The Diffusion of Workplace Voice and High-Commitment Human Resource Management Practices in Britain, 1984-1998
|Type:||Articles in Refereed Journals (International)|
|Published by:||Industrial and Corporate Change|
|:||16(3), pp. 395-426|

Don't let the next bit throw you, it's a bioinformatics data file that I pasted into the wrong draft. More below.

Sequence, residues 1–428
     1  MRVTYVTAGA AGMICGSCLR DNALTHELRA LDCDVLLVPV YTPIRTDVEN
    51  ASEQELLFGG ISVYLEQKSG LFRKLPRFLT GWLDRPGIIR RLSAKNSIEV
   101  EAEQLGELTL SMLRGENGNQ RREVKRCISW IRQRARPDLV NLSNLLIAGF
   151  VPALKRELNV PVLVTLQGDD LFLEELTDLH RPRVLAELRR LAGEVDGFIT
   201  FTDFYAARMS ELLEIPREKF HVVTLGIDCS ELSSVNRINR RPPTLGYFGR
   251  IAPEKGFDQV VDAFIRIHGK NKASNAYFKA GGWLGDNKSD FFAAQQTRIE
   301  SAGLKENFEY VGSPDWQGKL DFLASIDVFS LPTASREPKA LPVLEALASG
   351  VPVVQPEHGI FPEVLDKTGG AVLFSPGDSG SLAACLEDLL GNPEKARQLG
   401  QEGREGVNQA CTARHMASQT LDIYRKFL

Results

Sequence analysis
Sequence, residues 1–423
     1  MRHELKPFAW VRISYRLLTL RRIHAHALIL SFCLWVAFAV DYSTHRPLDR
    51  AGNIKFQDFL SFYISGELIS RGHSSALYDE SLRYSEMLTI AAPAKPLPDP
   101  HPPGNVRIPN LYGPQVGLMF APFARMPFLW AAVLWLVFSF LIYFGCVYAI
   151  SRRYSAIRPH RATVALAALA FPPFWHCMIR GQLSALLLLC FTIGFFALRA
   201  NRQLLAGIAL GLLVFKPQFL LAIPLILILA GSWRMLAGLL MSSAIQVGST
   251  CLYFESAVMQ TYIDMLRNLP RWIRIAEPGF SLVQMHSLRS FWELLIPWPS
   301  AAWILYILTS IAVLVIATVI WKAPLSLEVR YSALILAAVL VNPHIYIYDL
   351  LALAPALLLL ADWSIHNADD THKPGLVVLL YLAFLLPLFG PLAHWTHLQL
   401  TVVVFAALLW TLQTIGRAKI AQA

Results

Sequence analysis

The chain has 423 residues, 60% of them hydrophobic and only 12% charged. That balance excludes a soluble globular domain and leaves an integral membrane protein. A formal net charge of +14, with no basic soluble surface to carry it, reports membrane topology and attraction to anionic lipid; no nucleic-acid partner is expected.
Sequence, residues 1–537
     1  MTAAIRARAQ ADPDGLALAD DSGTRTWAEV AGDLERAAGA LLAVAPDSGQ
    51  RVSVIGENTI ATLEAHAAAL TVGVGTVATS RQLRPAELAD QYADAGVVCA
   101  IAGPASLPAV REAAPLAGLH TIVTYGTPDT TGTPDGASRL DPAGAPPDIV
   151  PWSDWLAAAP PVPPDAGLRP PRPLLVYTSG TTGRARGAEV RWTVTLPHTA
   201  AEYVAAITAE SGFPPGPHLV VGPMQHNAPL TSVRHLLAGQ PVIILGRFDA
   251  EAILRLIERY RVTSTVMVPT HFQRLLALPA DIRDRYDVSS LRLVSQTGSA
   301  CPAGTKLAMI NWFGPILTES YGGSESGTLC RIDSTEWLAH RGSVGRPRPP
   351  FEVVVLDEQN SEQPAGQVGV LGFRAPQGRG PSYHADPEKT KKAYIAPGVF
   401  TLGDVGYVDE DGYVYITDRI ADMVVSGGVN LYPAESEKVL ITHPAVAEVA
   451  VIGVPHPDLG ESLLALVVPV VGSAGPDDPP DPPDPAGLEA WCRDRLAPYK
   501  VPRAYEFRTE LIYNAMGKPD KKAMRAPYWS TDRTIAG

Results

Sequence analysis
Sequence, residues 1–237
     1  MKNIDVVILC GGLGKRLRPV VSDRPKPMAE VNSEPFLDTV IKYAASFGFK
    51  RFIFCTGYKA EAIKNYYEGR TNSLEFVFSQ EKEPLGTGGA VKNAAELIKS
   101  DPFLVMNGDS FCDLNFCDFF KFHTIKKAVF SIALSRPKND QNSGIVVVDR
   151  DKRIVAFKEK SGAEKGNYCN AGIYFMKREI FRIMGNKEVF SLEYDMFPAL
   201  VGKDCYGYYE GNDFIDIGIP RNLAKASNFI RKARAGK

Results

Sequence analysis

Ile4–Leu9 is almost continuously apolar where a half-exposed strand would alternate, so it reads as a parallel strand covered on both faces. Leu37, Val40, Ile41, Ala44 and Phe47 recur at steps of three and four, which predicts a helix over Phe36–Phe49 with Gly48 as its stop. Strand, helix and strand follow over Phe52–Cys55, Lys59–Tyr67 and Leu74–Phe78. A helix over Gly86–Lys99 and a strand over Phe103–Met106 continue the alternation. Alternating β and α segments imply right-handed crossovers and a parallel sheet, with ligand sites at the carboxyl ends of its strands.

Workplace voice and systems of high-commitment human resource management (HCHRM) have been found to impart measurable benefits to adopting firms, yet significant numbers of establishments fail to employ such practices. This article addresses the puzzle of staggered diffusion by explicitly treating voice and HCHRM as technological innovations. Using British data, the article finds that variables highlighted in the technological diffusion literature are significant predictors of workplace voice and HCHRM adoption. Specifically, we find that (i) number of employees, (ii) size of multi-establishment network, (iii) ownership type, (iv) set-up date and (v) network effects all play a significant role in predicting where voice and HCHRM are found. We also find evidence of joint usage of workplace voice and HCHRM practices, suggesting that HCHRM is not a substitute or natural successor to voice.